If you want to anticipate how people and organizations make decisions, you obviously have to be alert to what can go wrong in the decision-making process. It's especially important to look for factors which can lead people to ignore problems, dismiss information, or to delay any response to problems.
One way to do that is to look at how organizations learn. I mentioned Chris Argyris' analysis of organizational problems in the last post.
It helps to have names for the problems. Argyris distinguishes between single–loop and double-loop learning in organizations in a seminal article in the Harvard Business Review in 1977.
Organizational learning is a process of detecting and correcting error. Error is for our purposes any feature of knowledge or knowing that inhibits learning. When the process enables the organization to carry on its present policies or achieve its objectives, the process may be called single loop learning. Single loop learning can be compared with a thermostat that learns when it is too hot or too cold and then turns the heat on or off. The thermostat is able to perform this task because it can receive information (the temperature of the room) and therefore take corrective action. ..If the thermostat could question itself about whether it should be set at 68 degrees, it would be capable not only of detecting error but of questioning the underlying policies and goals as well as its own program. That is a second and more comprehensive inquiry; hence it might be called double loop learning.
Double-loop learning involves questioning the rationale for “the way we do things here”, the set institional policies, procedures and norms. But many of those norms themselves inhibit such questioning, or hide errors, or discourage passing negative information up the chain. And those norms then get embedded within further norms that prohibit noticing that such avoidance is taking place.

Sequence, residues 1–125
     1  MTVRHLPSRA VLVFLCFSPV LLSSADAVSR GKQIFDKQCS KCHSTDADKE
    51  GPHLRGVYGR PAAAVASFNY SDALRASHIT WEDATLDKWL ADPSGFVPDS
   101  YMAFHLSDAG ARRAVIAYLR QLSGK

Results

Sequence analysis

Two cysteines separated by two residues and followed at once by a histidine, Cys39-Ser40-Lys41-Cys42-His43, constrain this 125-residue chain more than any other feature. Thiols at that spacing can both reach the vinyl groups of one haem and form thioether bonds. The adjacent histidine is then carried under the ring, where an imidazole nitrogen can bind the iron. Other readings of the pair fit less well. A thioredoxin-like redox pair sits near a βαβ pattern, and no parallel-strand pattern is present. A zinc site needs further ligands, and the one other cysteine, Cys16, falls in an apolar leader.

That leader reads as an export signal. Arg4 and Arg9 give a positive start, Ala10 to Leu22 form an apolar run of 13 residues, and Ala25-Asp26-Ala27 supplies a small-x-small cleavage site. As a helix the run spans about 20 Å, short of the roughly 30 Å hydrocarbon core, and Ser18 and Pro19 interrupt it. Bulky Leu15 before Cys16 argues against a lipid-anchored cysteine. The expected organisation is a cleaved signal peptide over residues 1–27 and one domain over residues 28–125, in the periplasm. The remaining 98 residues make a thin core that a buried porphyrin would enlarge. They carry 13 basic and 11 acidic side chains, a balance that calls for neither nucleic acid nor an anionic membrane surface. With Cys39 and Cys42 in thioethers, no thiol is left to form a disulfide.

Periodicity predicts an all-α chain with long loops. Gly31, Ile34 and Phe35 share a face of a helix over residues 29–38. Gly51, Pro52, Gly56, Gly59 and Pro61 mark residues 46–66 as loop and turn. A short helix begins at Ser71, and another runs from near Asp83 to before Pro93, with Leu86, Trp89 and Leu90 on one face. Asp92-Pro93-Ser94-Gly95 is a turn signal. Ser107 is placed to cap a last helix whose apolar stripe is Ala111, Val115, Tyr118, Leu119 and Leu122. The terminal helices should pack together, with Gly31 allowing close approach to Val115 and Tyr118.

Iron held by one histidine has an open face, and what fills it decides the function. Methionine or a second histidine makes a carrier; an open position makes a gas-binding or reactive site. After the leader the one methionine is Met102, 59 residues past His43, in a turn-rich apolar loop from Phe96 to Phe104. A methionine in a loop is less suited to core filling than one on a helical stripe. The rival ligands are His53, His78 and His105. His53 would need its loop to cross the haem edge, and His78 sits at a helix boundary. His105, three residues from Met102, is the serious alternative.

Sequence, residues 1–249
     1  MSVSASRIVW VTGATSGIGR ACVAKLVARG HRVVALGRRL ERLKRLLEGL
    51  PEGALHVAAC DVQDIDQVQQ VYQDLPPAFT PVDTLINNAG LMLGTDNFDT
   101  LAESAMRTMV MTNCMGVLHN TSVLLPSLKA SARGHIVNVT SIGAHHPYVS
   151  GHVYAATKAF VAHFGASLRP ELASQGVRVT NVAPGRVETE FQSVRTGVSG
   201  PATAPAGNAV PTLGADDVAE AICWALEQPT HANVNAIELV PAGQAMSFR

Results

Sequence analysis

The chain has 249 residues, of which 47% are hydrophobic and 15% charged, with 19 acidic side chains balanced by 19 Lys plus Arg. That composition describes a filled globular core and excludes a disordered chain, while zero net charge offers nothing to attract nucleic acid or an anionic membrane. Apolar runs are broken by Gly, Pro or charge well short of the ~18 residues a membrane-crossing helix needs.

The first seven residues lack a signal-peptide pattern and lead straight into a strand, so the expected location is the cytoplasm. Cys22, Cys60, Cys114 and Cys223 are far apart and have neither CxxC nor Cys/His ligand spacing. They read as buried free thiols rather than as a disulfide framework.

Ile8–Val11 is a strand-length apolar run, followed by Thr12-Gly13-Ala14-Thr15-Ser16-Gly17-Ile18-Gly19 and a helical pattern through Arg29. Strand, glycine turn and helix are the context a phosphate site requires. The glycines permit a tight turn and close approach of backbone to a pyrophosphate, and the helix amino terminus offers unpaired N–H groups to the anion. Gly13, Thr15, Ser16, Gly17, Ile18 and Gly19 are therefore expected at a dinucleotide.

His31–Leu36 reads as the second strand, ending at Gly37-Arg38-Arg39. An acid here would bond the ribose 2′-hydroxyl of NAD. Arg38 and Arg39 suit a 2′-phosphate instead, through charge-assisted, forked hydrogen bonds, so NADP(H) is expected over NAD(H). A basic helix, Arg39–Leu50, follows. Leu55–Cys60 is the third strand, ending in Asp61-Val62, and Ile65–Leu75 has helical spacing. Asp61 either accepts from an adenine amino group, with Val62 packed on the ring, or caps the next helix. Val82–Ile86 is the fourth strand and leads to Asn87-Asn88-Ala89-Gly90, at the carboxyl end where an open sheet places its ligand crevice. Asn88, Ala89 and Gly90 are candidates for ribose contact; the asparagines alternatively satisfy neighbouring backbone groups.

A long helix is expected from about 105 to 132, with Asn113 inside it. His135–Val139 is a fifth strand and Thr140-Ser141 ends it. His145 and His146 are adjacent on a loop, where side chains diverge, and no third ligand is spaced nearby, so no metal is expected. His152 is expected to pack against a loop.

In essence, people avoid saying what they know.
The result is organizations become very slow to adapt to change. Early warning signals and alertness are discouraged.
.. the change usually comes long after its necessity has been realized by alert individuals or groups within the organization. The delay teaches these persons that their alertness and loyalty are not valued. Second, those who are not alert or not as involved are reinforced in their behavior. They learn that if they wait long enough and keep their reputations clean, someone else will someday take action. Third, change under crisis and revolution is exhausting to the organization. Fourth, such changes usually reinforce the factors that inhibit double loop learning in the first place. Hence, from the standpoint of organizational learning processes, there would be no change.
Does it matter? Argyris says that most professionals (and many organizations) become very adept at single loop learning. And in the past the environment was predictable enough that rigidity was less costly.
But it amounts to one important set of reasons why organizational and policy decisions often go so catastrophically wrong. Contrary information gets hidden.
One response to this kind of recognition of organizational behavior is to treat it like an overdose of office politics: shabby, a fact of life, but best left to rot in the dark. There's something to be said for that. But another way to see it as a guide to potential blindspots that regularly devastate organizations and careers, that subvert problem-solving and undermine decisions. It's a signpost to avoidable damage and catastrophe. Any responsible decision-maker is going to look out for traps in order to avoid them, not endorse them.